Sun, Jun 15, 2008 - Page 8 News List

How educators are like ostriches

By Chi Hui-Jung紀蕙容

Recently the Ministry of Education (MOE) announced a legal amendment that allows high school students to take pre-maternity leave, maternity leave, miscarriage leave and parental leave. The Garden of Hope foundation approves of this move, but also calls high schools to implement complementary measures so that the good intentions behind the amendment do not come to naught.

Many teachers and parents are concerned that this policy will encourage high school girls to become pregnant.

However, just as allowing students to take sick leave does not constitute encouragement for students to become sick, similarly, allowing them to take maternity leave does not constitute encouragement for students to become pregnant.

While the concerns of parents and teachers are understandable, statistics cannot be ignored.

According to the MOE, 153 high school students became pregnant in 2006. Of these, 94 were married, while 59 were unmarried.

But the official birth rate shows that almost 5,000 girls between the ages of 15 and 19 gave birth during the same period. The new amendment is merely a response to this reality.

Do adults not have an obligation to provide these teenagers with basic education rights? While we do not wish to encourage sexual behavior in underage children, when it does happen, should adults not ask themselves how these teenagers go in this situation?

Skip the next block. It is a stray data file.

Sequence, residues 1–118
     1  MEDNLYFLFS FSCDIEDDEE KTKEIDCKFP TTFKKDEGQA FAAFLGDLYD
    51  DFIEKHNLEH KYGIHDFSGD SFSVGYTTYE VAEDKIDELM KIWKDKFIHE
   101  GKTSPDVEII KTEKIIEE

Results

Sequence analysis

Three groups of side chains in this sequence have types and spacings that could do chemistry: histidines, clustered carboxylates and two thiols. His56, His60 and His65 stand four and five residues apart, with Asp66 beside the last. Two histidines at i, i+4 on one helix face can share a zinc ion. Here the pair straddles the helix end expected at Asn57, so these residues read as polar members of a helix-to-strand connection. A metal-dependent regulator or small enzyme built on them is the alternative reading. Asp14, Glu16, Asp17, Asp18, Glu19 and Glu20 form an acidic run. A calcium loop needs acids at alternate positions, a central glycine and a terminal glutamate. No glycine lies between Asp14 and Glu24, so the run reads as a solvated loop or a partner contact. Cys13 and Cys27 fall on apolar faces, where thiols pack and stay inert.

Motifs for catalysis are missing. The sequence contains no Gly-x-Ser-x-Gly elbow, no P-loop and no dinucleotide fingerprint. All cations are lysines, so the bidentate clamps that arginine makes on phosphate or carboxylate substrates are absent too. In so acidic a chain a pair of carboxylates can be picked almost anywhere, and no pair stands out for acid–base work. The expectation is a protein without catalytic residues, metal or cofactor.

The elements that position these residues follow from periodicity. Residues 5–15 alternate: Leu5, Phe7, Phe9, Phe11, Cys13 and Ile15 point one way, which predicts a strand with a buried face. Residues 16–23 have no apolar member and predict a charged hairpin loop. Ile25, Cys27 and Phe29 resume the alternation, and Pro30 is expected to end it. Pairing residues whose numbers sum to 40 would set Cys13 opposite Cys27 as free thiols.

It is unfair to shun these teens, consider their acts to be sinful, reprimand them, or take away their right to education.

There are some teachers who believe that pregnant students in the classroom would serve as bad examples for their classmates.

There are parental organizations that insist pregnant teens should take leave from school so that their pregnancies won’t be made known to the rest of the school.

However, while it can be good to keep the pregnancy private, the decision to do so should not stem from shame, but from the desire to protect student privacy.

In both cases, the outcome is the same, but the attitude toward the issue makes all the difference.

A pregnant teen has the right to decide whether she wants to let others know about her pregnancy and whom she wishes to disclose it to.

The right attitude when faced with a pregnant teenager attending school is to recognize her situation and help her deal with it, without affecting others in the process.

Teachers should put themselves in the position of students and keep their best interests in mind, rather than attempting to cover up pregnancy as something shameful.

Protecting the privacy of students is the responsibility of the school, but privacy rights should not be used as an excuse for neglect. The disparity between the MOE statistics and the official birth rate makes the ostrich-like mentality of educational authorities obvious.

An absence of pregnancy leave does not create an absence of pregnant teens.

That we support setting up a system to protect the rights of pregnant girls doesn’t mean we encourage or tacitly approve of sexual activity among high school students. A matter of greater concern is whether pregnant teens are left abandoned and helpless.

The Garden of Hope Foundation has always advocated confronting the problems of teen pregnancy.

The school environment has to be friendly and allowing pregnant girls to take maternity leave is one step closer to this goal.

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